I Ching (also known as the Book of Changes) is an ancient Chinese system of divination based on a series of symbols, rules, poems, and commentary. In Asia, people have used I Ching as a form of prediction and fortune-telling for over 3000 years. 

On January 28th, join the Chinese Canadian Museum at noon for a glimpse into your future year. 

6.    Make your own Lantern with your Chinese Name

The Lantern Festival is a tradition that marks the end of Chinese New Year’s celebrations. It falls on the 15th day of the first month in the lunisolar Chinese calendar, during a full moon. In 2023, this day falls on February 5th. The lanterns symbolize people letting go of the past year, and welcoming the new year with good fortune. 

To make sure you’re prepared, the Chinese Canadian Museum and the Victoria Chinese Public School will be helping you craft your own lantern complete with your Chinese Name! Head to 10-14 Fan Tan Alley around noon on February 4th for your own crafting session – admission by donation. 

Chinese Lantern ornately decorated in delicate red paper and golden accents


7.    Welcome in the year… with Chocolate!

Leap into the year with a dash of sweetness, with the help of Purdys Chocolatier. Their location in The Bay Centre features ornately decorated Lunar New Year gift tins, beautiful boxes featuring the twelve animals of the zodiac, lucky red packets, Year of the Rabbit chocolate medallions, and more. 

In Chinese culture, the colour red symbolizes energy, happiness, and good luck. These beautifully presented chocolates make for a beautiful (and delicious!) gift for friends, family, and co-workers that you wish to bless in the upcoming year. 

Lunar New Year chocolates from Purdys chocolatier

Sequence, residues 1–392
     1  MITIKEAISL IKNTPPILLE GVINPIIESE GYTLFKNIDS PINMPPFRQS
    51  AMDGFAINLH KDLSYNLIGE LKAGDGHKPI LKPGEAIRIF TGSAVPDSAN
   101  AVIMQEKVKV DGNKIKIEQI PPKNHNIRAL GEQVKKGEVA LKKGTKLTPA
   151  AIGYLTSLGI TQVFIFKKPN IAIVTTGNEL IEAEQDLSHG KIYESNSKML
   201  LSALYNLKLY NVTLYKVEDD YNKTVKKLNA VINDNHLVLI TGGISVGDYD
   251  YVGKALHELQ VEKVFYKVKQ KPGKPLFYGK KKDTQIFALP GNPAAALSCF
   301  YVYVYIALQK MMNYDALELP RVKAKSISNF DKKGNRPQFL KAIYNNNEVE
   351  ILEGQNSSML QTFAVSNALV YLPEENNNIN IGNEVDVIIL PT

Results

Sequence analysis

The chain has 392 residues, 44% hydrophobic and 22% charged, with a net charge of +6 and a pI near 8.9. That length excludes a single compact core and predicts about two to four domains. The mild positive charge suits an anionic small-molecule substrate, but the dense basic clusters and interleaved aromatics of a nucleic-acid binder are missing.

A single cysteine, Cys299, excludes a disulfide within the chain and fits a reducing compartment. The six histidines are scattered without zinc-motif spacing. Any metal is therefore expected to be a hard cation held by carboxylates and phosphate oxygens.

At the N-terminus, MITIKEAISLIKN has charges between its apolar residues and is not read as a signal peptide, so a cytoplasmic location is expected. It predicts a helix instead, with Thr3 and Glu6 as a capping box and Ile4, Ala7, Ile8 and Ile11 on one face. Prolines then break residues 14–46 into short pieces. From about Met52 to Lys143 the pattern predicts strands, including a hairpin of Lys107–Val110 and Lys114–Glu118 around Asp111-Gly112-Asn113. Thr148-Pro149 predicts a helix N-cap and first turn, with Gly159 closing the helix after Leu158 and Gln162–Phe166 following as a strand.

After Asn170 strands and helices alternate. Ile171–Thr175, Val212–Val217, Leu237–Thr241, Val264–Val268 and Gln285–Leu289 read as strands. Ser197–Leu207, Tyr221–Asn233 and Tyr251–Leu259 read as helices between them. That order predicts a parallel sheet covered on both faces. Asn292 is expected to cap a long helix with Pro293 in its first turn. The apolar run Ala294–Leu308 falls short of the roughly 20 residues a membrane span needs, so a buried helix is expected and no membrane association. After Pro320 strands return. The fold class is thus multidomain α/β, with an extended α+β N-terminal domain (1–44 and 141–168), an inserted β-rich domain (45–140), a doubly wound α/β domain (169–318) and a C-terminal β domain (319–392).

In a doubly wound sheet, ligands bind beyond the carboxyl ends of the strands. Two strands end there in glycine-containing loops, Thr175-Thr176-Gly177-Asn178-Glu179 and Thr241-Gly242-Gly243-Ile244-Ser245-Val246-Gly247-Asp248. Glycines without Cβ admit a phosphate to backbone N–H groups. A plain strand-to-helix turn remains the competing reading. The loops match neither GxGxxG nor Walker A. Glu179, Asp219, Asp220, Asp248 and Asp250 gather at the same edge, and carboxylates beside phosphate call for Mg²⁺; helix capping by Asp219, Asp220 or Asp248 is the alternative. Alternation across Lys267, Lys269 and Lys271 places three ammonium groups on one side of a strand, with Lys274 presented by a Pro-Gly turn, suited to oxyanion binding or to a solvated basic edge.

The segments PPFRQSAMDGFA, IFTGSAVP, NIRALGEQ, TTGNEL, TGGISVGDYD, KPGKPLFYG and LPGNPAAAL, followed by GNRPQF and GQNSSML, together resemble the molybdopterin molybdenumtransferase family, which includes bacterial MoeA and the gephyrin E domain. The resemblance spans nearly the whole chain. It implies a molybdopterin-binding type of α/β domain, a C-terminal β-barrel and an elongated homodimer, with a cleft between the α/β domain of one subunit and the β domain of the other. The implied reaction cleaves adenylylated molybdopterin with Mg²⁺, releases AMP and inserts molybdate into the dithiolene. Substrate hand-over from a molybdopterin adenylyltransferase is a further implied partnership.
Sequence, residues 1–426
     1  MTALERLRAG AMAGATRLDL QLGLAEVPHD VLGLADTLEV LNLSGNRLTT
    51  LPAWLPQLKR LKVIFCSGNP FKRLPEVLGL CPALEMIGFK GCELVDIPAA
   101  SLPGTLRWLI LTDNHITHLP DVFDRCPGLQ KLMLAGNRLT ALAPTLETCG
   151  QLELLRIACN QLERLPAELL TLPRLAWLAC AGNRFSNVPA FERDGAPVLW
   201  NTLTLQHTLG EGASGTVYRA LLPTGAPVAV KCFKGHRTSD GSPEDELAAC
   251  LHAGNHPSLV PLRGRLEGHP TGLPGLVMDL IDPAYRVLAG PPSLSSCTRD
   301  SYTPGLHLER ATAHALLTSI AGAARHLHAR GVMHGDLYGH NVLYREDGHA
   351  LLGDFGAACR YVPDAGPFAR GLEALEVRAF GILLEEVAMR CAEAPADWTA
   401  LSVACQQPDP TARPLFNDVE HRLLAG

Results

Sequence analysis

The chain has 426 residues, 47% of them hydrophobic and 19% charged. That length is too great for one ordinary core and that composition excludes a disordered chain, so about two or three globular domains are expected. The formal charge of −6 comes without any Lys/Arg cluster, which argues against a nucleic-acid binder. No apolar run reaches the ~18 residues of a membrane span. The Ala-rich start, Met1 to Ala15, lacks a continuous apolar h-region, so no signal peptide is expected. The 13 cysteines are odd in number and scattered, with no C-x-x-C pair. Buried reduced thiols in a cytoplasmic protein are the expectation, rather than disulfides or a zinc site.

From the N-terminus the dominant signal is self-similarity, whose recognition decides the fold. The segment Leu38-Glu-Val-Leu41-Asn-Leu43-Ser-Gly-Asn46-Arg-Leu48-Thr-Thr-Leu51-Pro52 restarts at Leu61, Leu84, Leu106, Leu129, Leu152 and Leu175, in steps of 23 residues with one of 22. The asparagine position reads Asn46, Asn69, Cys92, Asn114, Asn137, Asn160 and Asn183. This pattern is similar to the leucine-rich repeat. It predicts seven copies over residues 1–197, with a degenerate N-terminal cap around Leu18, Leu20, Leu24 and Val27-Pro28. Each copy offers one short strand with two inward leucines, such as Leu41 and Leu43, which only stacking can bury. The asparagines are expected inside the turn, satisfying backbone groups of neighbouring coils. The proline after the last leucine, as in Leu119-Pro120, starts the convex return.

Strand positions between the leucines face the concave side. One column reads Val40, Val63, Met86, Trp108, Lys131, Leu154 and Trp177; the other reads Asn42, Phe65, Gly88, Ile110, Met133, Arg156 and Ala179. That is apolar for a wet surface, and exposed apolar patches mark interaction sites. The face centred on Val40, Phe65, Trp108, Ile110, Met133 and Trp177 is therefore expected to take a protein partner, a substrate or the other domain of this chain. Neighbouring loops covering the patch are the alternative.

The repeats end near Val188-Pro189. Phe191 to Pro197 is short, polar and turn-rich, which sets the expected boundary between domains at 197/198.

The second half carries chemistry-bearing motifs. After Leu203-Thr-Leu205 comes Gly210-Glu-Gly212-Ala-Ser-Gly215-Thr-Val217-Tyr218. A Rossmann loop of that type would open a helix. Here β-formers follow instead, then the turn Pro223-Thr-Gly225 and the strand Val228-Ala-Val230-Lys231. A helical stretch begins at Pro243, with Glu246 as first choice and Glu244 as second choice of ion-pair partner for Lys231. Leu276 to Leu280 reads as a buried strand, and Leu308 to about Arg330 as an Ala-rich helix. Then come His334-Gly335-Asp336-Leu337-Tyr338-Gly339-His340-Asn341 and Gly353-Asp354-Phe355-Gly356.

8.  Embrace the Year of the Rabbit–sharpen those skills!

Astrologers describe those born in the Year of the Rabbit as vigilant, witty, and quick-minded. 

Whether you’re born a Rabbit or not – we can all benefit from sharpening our minds! Channel your inner Rabbit by dropping into Puzzle Lab for a beautiful, handcrafted wooden puzzle. You’ll put your problem solving skills to the test – with their shapes mimicking coral growth patterns, no two Puzzle Lab puzzles are the same!

A deconstructed golden mandala puzzle from Puzzle Lab

Another great way to test your quick wits is by challenging your crew to a real-life escape room. Quest Reality Games, located on Wharf Street features four immersive themed rooms filled with puzzles and clue-solving opportunities. Escape an alien abduction, a sorcerer’s lair, an ancient Egyptian tomb, and a haunted manor before the time runs out! 

Solving Clues at Quest escape room reality games

Lastly, Rabbits are known to be vigilant, observant, and always on the watch. There’s no better way to watch over Victoria than by dining at Vista 18 – located on the 18th floor of the Chateau Victoria with a clear, unobstructed oversight of the city. 

Tip 1: During Lunar New Year celebrations, Vista 18 will be offering a $55 Dine Around menu showcasing the bounties of our region. Put this one on your Dine Around list, stat!

Tip 2: To see their best views, come as early possible (5pm) to see the sun set over the harbour, and the alpine glow at dusk! It’s absolutely spectacular!

XIN NIAN KUAI LE! To see what Victoria did for last year’s Year of the Tiger, visit last year’s blog post!

Download Victoria's Vacation Guide

Destination Greater Victoria is honoured to be based on the traditional territory of the Lekwungen-speaking peoples of the Songhees Nation and the Esquimalt Nation, whose historical relationships with the land continue to this day.